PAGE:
After weeks of indecision, U.S. Sen. Angus King declared Tuesday he would oppose the nomination of Neil Gorsuch for a Supreme Court seat.
King also said he will not go along with Republicans who want to close debate on the confirmation and proceed to a vote on President Donald Trump’s choice to fill a longstanding court vacancy.
“This has not been an easy decision,” the Maine independent said in a prepared statement.
He cited Gorsuch’s refusal to answer many questions about his judicial philosophy, the judge’s record on the appellate court bench in Colorado and the money that unknown supporters are spending to promote Gorsuch as reasons for his choice.
U.S. Sen. Susan Collins has strongly endorsed Gorsuch. It is not clear, however, whether she will agree to end the filibuster for Supreme Court nominations if that’s what it takes to get Gorsuch confirmed.
State Sen. Eric Brakey, R-Auburn, who announced this week he intends to run against King in 2018, has supported Gorsuch from the start.
“I am strongly convinced — by his legal opinions defending the 4th Amendment and critiquing the over-criminalization in our criminal justice system — Judge Gorsuch understands that our Constitution exists to protect the rights and freedoms of the little guy, not the convenience and agendas of big government,” Brakey said weeks ago.
The Republicans have enough votes in hand to approve Gorsuch if they can close debate and proceed with a yes-or-no tally on the 49-year-old’s nomination to take the seat held by Antonin Scalia until his February 2016 death.
But under existing Senate rules, they need to have at least 60 of the 100 senators agree to end the filibuster on Gorsuch, a number that appears to be beyond the GOP’s reach.
Many Republicans are ready to change the rules to end filibusters on Supreme Court confirmations in order to install Gorsuch on the court. Democrats ended filibusters on other court nominees a few years ago when they controlled the Senate.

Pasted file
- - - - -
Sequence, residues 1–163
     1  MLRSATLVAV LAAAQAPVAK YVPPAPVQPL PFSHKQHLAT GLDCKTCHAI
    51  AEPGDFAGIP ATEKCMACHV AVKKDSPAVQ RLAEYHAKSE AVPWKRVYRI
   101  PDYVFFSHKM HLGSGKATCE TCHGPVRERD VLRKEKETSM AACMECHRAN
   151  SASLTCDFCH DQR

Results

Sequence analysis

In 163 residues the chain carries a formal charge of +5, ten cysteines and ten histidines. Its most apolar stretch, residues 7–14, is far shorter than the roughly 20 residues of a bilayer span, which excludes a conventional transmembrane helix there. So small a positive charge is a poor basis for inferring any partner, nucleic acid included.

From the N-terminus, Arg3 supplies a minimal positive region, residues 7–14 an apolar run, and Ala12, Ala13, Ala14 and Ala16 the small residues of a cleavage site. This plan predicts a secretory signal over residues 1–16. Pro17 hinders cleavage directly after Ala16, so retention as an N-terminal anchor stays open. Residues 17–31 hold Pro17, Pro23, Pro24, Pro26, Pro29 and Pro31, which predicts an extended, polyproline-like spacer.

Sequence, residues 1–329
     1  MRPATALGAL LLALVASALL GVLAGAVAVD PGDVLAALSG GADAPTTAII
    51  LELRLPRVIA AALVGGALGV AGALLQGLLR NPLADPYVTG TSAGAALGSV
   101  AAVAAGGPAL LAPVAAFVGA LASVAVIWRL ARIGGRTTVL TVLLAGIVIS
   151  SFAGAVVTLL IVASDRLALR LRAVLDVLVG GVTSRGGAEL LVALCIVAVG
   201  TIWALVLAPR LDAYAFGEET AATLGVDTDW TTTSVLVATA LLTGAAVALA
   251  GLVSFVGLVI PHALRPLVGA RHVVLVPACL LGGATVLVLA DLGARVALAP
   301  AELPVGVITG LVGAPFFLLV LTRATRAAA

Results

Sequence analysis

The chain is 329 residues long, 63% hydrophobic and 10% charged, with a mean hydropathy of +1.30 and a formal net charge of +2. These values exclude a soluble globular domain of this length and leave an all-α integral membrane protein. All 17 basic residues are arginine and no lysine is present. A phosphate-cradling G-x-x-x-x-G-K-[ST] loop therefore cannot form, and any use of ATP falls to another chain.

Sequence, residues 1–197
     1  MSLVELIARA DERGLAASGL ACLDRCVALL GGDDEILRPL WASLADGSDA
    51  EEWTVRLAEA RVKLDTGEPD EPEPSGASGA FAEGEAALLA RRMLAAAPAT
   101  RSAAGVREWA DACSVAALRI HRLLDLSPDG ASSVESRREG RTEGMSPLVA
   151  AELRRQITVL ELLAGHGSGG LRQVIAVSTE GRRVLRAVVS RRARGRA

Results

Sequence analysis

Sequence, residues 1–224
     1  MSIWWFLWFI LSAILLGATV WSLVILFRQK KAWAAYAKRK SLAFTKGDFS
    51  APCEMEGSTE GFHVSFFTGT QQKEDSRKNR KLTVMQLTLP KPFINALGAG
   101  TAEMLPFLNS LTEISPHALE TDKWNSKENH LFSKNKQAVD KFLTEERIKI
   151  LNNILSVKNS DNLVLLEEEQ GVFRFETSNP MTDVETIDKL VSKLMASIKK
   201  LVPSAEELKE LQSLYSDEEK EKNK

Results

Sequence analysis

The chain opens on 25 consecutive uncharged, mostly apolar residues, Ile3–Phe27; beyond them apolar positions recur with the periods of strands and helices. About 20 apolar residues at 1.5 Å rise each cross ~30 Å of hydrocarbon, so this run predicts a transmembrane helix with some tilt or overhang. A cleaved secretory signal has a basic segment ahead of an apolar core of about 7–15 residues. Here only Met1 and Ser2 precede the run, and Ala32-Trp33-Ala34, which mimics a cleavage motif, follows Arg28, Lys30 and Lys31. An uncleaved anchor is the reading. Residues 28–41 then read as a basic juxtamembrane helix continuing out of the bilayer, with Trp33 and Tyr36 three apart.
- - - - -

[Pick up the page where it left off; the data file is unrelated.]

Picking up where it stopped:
Collins is one of the Republicans who is considered most wary of tampering with Senate traditions like the filibuster.
King said he has been “deeply skeptical” about requiring 60 votes to take action.
But, he said, over time he’s come to appreciate its role “in forcing a modicum of bipartisanship in connecttion with important issues.”
“While I still believe in reform of the institution so that we can stop the logjam in Washington, it seems to me that for major policy decisions, like a lifetime appointment, it is not unreasonable to require 60 votes in order to garner broader, more sustainable bipartisan support, which I think is in the interest of the nation,” he said.
King said that since he is against Gorsuch, “it seems logical to oppose cloture because under the current rules, this would defeat the nomination.”
“If Judge Gorsuch is ultimately confirmed, I sincerely hope my concerns and fears will be proven wrong,” King said. “I would be delighted if this is the case. But in good conscience, I must vote my convictions and not my hopes – and my convictions in this case tell me ‘no’.”
This story will be updated.